Marie McDonald was born Marie Frye in Burgin, KY, in 1923. She worked as a model in her teens and movies seemed like the logical next step -- she made her movie debut at age 17 with a small role in It Started With Eve (1941), and spent the war years as one of Hollywood's more memorable pieces of "eye candy," her curvaceous figure decorating everything from Abbott & Costello comedies to biographical films such as Our Hearts Were Young and Gay. She was sort of a next-generation second-string sex symbol in the manner of Ann Sheridan (known as "the Oomph Girl"), with the nickname "the Body," which stuck for obvious reasons.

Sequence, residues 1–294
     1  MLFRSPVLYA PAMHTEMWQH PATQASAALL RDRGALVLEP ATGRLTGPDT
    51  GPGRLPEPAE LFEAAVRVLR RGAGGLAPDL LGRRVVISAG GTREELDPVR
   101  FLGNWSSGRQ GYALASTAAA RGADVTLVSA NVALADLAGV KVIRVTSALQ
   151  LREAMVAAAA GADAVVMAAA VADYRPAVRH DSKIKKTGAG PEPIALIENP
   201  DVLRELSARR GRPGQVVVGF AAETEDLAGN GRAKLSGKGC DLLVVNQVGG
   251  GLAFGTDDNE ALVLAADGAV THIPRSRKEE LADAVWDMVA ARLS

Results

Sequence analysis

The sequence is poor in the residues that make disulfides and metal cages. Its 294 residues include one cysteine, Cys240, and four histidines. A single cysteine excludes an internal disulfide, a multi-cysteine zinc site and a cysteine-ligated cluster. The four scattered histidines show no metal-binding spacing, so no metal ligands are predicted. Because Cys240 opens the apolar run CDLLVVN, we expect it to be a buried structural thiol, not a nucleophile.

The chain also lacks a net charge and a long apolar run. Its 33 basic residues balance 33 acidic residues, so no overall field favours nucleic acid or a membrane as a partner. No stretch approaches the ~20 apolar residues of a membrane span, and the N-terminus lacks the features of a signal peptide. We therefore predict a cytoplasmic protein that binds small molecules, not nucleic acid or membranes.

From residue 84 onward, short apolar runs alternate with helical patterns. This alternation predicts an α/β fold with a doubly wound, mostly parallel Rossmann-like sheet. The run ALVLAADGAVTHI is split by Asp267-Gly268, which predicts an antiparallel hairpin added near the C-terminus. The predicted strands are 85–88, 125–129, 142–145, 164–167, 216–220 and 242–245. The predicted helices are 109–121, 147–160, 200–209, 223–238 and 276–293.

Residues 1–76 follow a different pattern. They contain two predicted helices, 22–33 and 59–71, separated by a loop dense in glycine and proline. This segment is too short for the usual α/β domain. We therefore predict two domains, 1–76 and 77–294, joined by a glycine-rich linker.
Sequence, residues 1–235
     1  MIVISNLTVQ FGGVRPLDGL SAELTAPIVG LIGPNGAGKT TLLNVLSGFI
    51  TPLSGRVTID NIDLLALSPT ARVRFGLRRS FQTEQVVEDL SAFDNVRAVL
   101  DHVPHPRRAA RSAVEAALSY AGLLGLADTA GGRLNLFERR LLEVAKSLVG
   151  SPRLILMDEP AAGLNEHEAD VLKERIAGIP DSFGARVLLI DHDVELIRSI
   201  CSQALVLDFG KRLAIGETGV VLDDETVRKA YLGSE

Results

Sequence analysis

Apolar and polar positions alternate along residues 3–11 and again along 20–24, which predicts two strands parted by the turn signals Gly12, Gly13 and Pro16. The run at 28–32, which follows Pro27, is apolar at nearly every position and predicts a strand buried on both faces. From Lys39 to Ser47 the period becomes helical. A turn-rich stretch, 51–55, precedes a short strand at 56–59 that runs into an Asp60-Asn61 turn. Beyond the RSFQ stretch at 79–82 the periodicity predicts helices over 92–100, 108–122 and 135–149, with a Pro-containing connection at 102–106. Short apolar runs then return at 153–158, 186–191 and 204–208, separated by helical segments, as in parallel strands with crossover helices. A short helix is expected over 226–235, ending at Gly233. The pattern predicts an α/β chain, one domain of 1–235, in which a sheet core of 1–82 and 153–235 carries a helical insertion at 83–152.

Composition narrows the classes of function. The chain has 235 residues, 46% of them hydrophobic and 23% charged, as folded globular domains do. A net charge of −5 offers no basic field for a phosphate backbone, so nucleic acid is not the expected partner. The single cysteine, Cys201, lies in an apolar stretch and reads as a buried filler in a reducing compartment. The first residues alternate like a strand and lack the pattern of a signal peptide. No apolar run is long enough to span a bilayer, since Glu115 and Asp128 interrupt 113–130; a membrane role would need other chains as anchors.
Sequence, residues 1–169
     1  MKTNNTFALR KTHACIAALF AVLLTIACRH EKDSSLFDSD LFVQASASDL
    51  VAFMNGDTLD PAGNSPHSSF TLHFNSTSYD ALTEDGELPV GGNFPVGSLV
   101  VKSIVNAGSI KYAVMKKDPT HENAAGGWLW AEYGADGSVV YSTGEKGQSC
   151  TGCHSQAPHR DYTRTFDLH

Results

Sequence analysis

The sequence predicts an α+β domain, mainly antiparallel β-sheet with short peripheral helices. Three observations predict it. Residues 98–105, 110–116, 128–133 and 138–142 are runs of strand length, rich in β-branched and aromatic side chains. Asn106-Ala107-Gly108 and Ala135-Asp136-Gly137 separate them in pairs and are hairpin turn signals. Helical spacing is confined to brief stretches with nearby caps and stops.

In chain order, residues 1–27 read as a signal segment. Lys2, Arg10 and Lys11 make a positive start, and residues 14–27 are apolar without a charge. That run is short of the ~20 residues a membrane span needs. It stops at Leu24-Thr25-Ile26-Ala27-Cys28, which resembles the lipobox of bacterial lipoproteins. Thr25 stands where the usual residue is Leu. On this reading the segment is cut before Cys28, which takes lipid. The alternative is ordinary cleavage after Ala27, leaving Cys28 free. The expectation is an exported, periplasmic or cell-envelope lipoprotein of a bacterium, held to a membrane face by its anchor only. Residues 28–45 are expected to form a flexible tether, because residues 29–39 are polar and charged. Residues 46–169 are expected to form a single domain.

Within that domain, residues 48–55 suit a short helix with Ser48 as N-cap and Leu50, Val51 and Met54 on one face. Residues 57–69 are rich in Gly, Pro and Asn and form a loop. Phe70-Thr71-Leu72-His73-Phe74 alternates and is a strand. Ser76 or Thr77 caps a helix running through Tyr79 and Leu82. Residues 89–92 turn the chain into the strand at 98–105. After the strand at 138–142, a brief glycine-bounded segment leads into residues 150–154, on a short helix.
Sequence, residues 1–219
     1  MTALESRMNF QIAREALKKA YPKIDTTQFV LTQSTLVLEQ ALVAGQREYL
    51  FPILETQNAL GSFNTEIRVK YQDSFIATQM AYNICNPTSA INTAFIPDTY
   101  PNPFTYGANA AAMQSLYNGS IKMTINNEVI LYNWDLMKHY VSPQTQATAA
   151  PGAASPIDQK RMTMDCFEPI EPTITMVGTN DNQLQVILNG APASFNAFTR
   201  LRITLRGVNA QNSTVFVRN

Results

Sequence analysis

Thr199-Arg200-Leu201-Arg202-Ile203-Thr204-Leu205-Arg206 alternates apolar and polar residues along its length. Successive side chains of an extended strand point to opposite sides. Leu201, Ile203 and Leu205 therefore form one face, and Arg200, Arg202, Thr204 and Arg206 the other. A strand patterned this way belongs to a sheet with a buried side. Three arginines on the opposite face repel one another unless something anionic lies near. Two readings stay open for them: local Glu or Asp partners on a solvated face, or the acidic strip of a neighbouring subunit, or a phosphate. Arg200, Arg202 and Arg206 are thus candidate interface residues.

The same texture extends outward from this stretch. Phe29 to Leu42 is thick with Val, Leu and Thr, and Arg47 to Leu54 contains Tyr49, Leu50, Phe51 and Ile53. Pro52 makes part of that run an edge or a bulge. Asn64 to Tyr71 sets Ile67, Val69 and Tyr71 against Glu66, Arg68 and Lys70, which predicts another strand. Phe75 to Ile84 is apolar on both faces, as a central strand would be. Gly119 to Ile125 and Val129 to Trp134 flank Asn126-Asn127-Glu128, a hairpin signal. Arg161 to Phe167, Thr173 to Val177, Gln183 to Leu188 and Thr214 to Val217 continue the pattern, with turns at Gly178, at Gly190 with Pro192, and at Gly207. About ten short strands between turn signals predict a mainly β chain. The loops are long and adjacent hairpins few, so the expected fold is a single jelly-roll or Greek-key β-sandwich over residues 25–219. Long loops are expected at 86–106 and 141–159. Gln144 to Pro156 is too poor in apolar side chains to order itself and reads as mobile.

Her movie career slowed down considerably after World War II, and it was while taking a break from pictures that she ended up pursuing music, even singing for a time with one of Tommy Dorsey's latter-day big bands. Her only record grew out of that gig and the activity that followed -- it's possible that someone at RCA Victor saw a chance to parlay her picture on the cover of the LP to success as Liberty Records had with Julie London. In any case, her album The Body Sings! appeared on RCA Victor in 1957, with Hal Borne as her musical director. And smirky suggestions to the contrary, McDonald could, indeed, sing.